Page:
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fanatic then scoured Persia, rallied a new

band, and again returned to the Tigris. Here,

however, he was drowned in attempting to

cross the river.

The next difficulty which the governor

Hejagi had to contend with was with one

of his officers, named Abdalrahman. In

order to dispose of the refractory general,

the emir sent him with an inadequate force

against the Turks; but the general perceived

the machination against himself, revealed the

plot to his soldiers, and took the field against

Hejagi. The latter went forth to suppress

the rebellion, but was signally defeated in

two bloody battles. Abdalrahman entered

Cufa in triumph, and was proclaimed Caliph.

The Babylonians recognized the usurpation

and rejoiced to be set free from the tyranny

of Hejagi. The latter, however, soon collected a third army, divided the insurgent

forces, drove the mock Caliph into a fortress

and besieged him, until Abdalrahman,

losing all hope of escape, threw himself

down from a tower and was killed.

Among the Mohammedans the emir Hejagi

acquired an unenviable reputation. He is

said to have caused the death of a hundred

and twenty thousand people. When near

his end, he sent for a soothsayer to know

if any distinguished general was about to

die. The seer consulted the stars and reported that a great captain named Kotaib,

or the Dog, would soon expire. "That,"

said the dying emir, "is the name by which

my mother called me when I was a child.

And since you are so wise, I will take you

with me that I may have the benefit of your

skill in the other world." He then ordered

the astrologer's head to be cut off.

Finding himself at length freed from domestic enemies, the Caliph Abdalmalec sought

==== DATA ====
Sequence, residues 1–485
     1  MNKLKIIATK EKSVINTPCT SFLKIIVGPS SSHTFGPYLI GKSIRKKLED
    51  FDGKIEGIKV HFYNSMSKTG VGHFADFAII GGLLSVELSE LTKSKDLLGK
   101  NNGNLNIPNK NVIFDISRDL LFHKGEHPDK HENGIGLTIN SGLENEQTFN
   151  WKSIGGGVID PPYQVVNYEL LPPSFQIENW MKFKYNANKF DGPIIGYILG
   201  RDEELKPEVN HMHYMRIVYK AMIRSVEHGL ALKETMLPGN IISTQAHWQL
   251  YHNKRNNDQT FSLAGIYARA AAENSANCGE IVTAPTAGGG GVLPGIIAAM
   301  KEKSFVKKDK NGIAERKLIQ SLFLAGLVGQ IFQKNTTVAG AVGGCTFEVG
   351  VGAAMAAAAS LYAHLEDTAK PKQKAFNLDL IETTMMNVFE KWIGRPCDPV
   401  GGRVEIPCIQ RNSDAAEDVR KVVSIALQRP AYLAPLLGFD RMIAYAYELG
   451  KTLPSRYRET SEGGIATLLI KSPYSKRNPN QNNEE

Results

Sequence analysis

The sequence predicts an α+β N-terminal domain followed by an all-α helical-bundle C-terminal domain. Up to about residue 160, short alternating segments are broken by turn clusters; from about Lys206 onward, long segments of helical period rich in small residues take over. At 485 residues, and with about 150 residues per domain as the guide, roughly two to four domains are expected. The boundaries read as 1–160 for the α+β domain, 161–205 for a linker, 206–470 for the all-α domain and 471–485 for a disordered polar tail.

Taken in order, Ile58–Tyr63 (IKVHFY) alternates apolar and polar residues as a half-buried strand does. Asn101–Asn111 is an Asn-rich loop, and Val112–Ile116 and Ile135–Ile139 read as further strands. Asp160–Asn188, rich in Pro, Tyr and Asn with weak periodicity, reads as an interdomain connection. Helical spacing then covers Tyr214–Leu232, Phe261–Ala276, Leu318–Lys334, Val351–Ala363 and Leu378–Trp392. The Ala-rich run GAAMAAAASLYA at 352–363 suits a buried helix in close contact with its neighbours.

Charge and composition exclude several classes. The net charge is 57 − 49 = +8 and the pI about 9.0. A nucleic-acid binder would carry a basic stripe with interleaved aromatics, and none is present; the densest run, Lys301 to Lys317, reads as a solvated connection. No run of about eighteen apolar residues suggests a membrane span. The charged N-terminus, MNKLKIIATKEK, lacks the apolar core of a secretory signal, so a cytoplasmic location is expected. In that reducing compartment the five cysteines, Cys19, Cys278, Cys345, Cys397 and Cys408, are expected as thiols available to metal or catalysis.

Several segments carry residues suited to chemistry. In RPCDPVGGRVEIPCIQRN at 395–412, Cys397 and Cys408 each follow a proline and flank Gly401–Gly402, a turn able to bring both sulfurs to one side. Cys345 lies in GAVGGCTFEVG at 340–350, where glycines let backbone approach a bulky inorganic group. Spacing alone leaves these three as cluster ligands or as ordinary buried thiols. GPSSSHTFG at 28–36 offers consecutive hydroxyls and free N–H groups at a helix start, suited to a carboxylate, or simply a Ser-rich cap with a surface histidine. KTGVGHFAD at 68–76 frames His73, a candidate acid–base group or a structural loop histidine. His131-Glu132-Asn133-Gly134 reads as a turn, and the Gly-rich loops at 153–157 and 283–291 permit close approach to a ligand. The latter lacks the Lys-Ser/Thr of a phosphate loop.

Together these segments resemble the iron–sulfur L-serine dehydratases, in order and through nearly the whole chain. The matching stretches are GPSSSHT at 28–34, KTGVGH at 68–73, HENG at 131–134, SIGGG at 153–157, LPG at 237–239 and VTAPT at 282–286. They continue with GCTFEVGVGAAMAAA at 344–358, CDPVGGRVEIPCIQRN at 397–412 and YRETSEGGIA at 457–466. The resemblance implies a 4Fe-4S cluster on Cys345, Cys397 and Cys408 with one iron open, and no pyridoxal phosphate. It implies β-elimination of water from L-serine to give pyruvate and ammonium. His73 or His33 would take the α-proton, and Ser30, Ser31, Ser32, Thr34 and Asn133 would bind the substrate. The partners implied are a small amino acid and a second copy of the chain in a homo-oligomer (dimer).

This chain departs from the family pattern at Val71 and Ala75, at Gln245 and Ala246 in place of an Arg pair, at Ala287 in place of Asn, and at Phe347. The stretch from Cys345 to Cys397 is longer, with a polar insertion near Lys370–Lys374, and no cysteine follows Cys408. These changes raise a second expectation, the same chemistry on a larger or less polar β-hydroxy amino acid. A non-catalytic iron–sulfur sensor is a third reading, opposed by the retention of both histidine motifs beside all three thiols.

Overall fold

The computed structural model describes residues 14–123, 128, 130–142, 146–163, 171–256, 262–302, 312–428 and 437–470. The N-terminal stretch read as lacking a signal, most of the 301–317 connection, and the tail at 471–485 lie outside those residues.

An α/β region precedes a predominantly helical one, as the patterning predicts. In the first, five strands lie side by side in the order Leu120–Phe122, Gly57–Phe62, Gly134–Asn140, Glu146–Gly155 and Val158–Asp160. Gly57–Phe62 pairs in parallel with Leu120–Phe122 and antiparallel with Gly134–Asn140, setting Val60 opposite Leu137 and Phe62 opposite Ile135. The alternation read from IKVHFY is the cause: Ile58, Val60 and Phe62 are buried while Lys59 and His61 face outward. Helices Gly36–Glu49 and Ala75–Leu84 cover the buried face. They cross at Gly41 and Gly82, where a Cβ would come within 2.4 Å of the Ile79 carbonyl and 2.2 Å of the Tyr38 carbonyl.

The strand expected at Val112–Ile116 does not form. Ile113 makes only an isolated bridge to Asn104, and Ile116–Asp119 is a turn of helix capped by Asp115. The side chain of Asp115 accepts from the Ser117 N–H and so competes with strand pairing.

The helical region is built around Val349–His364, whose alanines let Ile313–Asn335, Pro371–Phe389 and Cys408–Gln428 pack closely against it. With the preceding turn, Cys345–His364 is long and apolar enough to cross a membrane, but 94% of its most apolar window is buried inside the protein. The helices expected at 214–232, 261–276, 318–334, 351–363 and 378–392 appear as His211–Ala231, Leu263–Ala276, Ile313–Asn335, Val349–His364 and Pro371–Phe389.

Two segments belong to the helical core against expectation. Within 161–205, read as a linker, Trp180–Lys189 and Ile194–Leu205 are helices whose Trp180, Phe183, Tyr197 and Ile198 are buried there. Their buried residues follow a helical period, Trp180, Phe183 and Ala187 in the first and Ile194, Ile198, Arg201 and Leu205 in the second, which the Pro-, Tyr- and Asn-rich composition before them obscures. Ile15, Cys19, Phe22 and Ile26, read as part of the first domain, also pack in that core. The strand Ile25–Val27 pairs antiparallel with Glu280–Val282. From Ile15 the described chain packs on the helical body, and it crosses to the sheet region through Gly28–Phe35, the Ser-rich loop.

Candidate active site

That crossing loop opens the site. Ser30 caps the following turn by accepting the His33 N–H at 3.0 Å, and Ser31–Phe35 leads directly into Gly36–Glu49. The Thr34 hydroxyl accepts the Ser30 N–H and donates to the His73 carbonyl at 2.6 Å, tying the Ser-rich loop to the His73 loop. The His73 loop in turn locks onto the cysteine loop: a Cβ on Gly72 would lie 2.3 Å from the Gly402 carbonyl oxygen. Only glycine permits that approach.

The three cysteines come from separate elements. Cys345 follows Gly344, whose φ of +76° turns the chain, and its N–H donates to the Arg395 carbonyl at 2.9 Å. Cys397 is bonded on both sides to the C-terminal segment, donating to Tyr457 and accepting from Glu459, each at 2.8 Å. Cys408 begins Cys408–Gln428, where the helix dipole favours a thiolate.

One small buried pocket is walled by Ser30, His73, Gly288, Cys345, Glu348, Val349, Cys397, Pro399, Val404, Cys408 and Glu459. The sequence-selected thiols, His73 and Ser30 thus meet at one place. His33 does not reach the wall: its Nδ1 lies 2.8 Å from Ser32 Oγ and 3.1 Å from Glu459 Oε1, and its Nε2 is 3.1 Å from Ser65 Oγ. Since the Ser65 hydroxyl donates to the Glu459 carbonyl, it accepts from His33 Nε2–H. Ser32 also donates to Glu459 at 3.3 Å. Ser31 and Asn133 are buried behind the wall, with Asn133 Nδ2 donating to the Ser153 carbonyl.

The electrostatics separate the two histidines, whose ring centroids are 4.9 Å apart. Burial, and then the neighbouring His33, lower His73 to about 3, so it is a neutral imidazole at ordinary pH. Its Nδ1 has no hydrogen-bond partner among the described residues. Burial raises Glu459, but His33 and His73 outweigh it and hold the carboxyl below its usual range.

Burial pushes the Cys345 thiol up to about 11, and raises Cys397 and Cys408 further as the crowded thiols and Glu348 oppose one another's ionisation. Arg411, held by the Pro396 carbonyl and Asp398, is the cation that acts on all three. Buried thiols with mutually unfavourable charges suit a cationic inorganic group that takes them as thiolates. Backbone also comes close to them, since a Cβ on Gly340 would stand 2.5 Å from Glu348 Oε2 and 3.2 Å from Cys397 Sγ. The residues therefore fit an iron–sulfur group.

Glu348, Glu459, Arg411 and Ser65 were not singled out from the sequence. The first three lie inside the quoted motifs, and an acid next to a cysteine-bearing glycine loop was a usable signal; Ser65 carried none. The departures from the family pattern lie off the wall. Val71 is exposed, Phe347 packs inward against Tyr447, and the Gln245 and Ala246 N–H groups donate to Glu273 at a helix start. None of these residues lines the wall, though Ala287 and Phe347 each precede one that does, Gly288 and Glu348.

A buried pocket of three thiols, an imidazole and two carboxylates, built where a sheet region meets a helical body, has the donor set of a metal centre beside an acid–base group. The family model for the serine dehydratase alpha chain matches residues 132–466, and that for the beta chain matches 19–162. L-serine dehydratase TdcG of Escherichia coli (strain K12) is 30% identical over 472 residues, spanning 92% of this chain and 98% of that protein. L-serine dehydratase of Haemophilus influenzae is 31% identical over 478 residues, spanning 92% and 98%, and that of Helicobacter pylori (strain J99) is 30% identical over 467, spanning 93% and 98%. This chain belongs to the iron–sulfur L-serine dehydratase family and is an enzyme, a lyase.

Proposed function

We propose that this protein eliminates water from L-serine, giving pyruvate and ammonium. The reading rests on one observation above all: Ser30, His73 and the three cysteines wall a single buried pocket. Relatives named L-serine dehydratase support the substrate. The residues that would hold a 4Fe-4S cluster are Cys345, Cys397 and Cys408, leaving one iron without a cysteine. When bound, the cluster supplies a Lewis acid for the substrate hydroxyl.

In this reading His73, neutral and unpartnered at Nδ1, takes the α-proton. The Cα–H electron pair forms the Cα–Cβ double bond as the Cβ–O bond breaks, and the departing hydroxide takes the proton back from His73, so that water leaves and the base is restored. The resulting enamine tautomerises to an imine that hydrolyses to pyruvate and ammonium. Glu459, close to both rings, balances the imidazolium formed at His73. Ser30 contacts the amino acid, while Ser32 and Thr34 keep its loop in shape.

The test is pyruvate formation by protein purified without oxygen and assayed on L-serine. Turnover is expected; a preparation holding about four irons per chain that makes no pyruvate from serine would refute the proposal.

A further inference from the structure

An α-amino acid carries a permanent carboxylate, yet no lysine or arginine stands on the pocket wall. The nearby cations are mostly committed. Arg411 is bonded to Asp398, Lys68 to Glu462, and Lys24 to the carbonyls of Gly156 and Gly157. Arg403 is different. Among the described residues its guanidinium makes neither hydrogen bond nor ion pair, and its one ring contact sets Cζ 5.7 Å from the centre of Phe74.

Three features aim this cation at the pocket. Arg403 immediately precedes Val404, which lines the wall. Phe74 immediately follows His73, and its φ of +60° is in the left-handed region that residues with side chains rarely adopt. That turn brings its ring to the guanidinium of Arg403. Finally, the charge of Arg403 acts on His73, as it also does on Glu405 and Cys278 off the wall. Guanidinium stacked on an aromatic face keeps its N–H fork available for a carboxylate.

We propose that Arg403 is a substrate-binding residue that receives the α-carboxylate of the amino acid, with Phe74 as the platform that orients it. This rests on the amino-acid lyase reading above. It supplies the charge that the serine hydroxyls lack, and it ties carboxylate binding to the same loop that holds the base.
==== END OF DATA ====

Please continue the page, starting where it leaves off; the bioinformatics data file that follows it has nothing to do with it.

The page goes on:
the glory of foreign wars. He accordingly

threw before the Emperor of the East the

gage of battle, by refusing to pay any longer

the enormous tribute which that sovereign

received from Islam. This act of hostility was

followed by another. The Mohammedan general Alid was sent to make inroads upon the

territories of the Empire. Arabic tradition says that Shebib was literally

the most hard hearted of all rebels. For when the

body was dragged up and opened, and his heart

taken out, that organ was found to be like a stone.

During the time when the attention of the

Caliph was absorbed with his troubles in

Babylonia, the Eastern emperor had taken

advantage of the situation to recover his

ascendancy in Northern Africa. The fleets of

the Greeks hovered along the coasts. Armies

were landed wherever the weakness of the

Moslems seemed to invite attack. Zohair,

the Arab governor of Barca, was assailed,

defeated, and slain. Such was the deplorable

condition of the political affairs of Islam in

the countries west of Egypt that a reconquest

of Northern Africa was necessary to lift up

the fallen Crescent. To this end, in the year

696, Abdalmalec called out an army of

forty thousand men, and sent the same,

under the command of Hossan Ibn Annoman,

on a campaign against the Africans. The

general proceeded at once against the city

of Carthage, and after a tedious siege, carried the place by storm. The walls were

demolished, and a vast amount of booty, including a great number of Moorish maidens

to be sold as slaves, was added to the treasures of Islam. A short time afterwards, however, an Imperialist fleet arrived unexpectedly

in the harbor, and the Moslems were expelled

from the city. But the success of the Greeks

was only temporary. The Arabs soon rallied

and returned to the attack with redoubled

fury. Carthage was again taken and reduced

to ashes.

Hossan now continued his expedition along

the coast, carrying every thing before him.

At length, however, he encountered a formidable rival in the princess Dhabba, who

appeared among the Berbers as a prophetess.

The nomad tribes of Mauritania and of the

neighboring deserts flocked to her standard;

nor was this strange woman without the

ability to organize and discipline an army.

A superstitious belief that their queen was

divinely inspired added enthusiasm and audacity to the Moors, who attacked the army

of Hossan with such fury that he was eventually driven back to the very borders of


Having thus secured a momentary liberation from foreign despotism, the Berber

prophetess exhorted her followers to reduce